I pretty much had no idea how to lift in high school. We (distance runners) would just screw around in the weight room, no method just madness. My leg work would consist of leg extensions and curls. Upper Body was curls and bench. Basically I lifted like the average gym goer. I thought squats and cleans were too difficult and were for football players(I didn’t want to get too big… Ibasically had no concept of how the neuromuscular system/CNS works). About a year ago I got into lifting and learned how to train for strength. I taught myself the squat and clean in a few weeks, then I learned to snatch and split jerk a little while later. If you have basic athleticism, flexibility, general strength (Zats. recommends 3 years of general training before weights) intelligence, and diligently research on the web or books learning the right way to lift isn’t hard. Of course it’d be much easier with a coach. For most people it’s more of a desire issue. Many know that squat, deadlifts, cleans etc… will benefit them more than curls and machines but they would rather get a pump and look at themselves in the mirror.
Point taken; however Ben couldn’t bc of knee problems if I understand correctly so he wouldn’t be able to do plyo’s no matter who his coach was. Tellez is a great coach no argument in that and CL is one of the best athletes of all time; however, when it did hurt to ask such a logical question? Opinions will vary but everything I’ve learned so far tells me that CF would have made CL the best. It does take a great athlete and a great coach.
THERE CAN BE ONLY ONE!
In the 100 we all know that it was Ben. Granted the title of the world’s best athlete could be given to CL. Finally in terms of coaching I see CF fitting that title. Remember no other coach for Canada has come close to what CF did in terms of medals for the sport of track and field!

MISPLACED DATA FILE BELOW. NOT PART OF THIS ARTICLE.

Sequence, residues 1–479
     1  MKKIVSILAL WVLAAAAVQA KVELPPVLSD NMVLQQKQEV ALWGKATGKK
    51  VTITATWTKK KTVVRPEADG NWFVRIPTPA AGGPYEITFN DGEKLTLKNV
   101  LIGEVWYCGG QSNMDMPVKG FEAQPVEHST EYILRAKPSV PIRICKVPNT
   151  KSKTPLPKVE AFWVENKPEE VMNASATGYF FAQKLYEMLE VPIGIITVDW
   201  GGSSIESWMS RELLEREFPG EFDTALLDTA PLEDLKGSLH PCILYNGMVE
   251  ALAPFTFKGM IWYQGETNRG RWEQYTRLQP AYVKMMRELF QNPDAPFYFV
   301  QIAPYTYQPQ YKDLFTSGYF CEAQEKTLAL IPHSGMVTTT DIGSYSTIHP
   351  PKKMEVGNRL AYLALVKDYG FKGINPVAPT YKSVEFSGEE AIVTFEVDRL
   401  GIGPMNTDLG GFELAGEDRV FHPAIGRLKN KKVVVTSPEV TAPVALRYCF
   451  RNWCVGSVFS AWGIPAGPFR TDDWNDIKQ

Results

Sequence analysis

I could see how things would go smoother if med ball work had been introduced in the past.
I don’t see how someone with a few months weight training experience would be able to lift nearly as much as that same person with 10 years experience, but I guess they would still achieve benefits from lifting no matter what.
I would like to think that you could compare two athletes, one with 2 years exp and the other 10 yr exp.
It’s called the point of diminshing returns. You can also think of it as platueing. The biggest gain I have made in my bench press in the last 10 years is 40lbs from benching 365lbs in college to doing 405lbs this year at the age of 27.
My experience with young swimmers -who generally are even weaker than young sprinters for the nature of the stimulus provided by the sport itself- has been that med ball and either classical and explosive bodyweight work provide a solid strength base before introducing weights in their training, and may be used for quite a long time with costant improvements (2-3 years).
After that weight exercises are quite easily learned and technique proficiency gets better and better only with a bit of patience by the coach as strength levels increase.
A couple of things I found quite helpful with beginners:
staggered introduction and use of different exercises
very smooth progressions in the loads (many details may show improvement from session to session with beginners,thus making further increases in load unnecessary).
When will people understand we are all different. Our body respond to different stims.